Hi! I'm Andy Webb, photographer and owner of Visionova, a very small, not-yet-for-profit company. After sharing photos on a smartphone with some friends, they encouraged me to put up a website, leading me to unearth my favorite treasures buried in the recesses of hard drives.
Part of what colors a photograph is the surrounding story behind the image. As time permits, you'll find new anecdotes, photo tips, and historical references sprinkled throughout the site as I often slip into sidebar story mode (which in some cases helps improves on the weak visual). Check What's New for updates to story content and new photographs.
I hope you are able to connect with the images on the site, perhaps recognizing familiar places, gaining photographic inspiration, or wanting to travel there - enjoy!
The essence of a place
Edison once said “I think in pictures.” But getting what I think through a lens and into a memorable image is such a challenge. A successful image captures the essence of a place or subject. Sometimes those pictures convey the light, the atmosphere, the strangest minor details, or just an abstract feeling.
There's nothing like the essence of a place - indoors, outdoors, in streets, jungles, or wherever. Being in a place (particularly in the early morning) provides a unique quiet that allows you to witness the character and charm of a location without the drowning hubbub. As the changing sunlight rises, the smallest movements of creatures are amplified, illuminating silhouette-like imagery (a rooster, taxi, or a merchant opening shop). In a landscape, light pours over God’s earth (mountains, flowers, streams, etc.) and reveals details in the shadows.
Discovering imagery in these moments is special. Capturing an image that reveals the essence of a place is a gift that connects you back to that moment. Cartier said that photography “reaches back to a moment.” If the resulting image visually causes me to reminisce details or begs me to return, that image works.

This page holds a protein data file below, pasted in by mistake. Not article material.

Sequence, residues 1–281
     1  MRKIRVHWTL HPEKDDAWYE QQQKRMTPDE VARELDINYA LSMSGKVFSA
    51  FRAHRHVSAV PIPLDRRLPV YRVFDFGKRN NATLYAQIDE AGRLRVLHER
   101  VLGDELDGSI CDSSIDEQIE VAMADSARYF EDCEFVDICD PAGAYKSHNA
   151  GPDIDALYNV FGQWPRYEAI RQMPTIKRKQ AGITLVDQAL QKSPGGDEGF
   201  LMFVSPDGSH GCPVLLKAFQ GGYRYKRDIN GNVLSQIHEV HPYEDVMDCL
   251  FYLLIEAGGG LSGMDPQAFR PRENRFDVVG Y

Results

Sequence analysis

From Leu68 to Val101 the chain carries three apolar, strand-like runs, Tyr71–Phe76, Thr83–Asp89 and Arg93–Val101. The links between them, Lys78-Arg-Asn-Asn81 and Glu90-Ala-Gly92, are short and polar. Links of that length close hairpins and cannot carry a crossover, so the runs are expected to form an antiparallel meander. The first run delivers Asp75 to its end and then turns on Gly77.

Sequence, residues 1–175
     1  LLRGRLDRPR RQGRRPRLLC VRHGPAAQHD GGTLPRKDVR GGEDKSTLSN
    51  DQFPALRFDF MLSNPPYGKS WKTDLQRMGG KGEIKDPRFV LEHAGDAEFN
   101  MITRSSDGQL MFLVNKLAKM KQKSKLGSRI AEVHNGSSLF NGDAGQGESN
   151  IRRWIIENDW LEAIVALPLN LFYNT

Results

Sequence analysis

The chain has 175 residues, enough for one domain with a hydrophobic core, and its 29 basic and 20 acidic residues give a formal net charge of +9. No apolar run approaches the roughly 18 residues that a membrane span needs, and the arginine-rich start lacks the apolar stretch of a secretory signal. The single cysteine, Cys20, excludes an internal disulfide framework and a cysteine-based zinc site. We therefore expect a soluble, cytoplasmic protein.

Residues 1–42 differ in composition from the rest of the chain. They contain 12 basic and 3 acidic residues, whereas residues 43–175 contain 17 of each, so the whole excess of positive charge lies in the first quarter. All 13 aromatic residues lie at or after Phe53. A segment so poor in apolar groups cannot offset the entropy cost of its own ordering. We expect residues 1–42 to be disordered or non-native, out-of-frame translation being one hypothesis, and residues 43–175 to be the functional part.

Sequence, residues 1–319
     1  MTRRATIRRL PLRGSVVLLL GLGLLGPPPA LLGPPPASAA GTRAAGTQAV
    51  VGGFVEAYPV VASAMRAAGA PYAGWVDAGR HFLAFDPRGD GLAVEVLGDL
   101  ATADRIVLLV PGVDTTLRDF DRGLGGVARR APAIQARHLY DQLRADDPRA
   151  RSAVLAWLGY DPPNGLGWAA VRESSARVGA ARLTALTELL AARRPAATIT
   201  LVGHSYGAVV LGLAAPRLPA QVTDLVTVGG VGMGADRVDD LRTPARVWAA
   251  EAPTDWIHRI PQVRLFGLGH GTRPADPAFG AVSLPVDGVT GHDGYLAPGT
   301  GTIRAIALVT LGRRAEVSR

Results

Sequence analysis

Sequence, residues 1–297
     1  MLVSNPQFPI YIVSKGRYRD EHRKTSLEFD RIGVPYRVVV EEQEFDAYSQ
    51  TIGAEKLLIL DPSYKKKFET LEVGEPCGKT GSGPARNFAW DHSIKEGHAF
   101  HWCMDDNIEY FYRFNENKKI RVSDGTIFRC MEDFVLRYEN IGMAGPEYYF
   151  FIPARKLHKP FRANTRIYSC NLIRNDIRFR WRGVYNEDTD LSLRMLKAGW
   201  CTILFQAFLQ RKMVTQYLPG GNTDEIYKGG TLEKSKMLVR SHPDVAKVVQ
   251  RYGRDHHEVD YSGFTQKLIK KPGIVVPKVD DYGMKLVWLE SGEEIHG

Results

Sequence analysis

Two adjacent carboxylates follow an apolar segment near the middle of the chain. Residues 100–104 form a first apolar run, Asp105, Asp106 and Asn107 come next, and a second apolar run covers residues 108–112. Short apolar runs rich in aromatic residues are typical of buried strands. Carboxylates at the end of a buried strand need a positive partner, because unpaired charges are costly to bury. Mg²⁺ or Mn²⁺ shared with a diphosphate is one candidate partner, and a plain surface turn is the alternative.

This collection of images represents some of my favorite places on earth (Oregon, Italy, etc.) along with the essence found in the fine details of craftsmanship, architecture, autos, or cultivated gardens. And although creating portraits isn’t my forte, I also enjoy an occasional assignment, hopefully capturing the essence of each person.
“Your photos look almost professional!” - it’s a remark I’ve heard a few times. There must be some shock factor between seeing images and knowing me (or some guy in business attire who follows basic composition sans all the artistic tattoos and piercings?).
While many photographers aspire to become professional, the term simply means your livelihood depends on it. Are you sure you really want that? Going pro the traditional way (studio, stock, etc.), may be a recipe for a starving artist (at least for me). Being an enthusiast (sounds better than an amateur, or whatever Canon decides to call a 5D user) keeps my passion for alive.
Someone once shared the simple secret to professional photography:
1. Take a lot of images
2. Pick out the best ones
3. Throw away all your bad shots
Once you build a collection of keepers, people will eventually think you are a good photographer. You might even convince yourself!
Technology has helped level the playing field. In this digital age, anyone can create the next viral image on a smartphone (and Instagram). Maybe even you!
Here are a few bio bullets (at this point, narrative would just drag it out - even more...)
• Inspired by my grandfather, “Clarkie” (who always had an Polaroid, 35mm, or 8mm in hand). I still recall the anticipation as he checked his watch then peeled back the paper to reveal an "instant" image.
• Growing up in Akron, Ohio, my dad shot slides. Slide shows were the best - gathering the family around in the basement, turning the lights off, and seeing the bright projected image on bed sheets (and laughing together).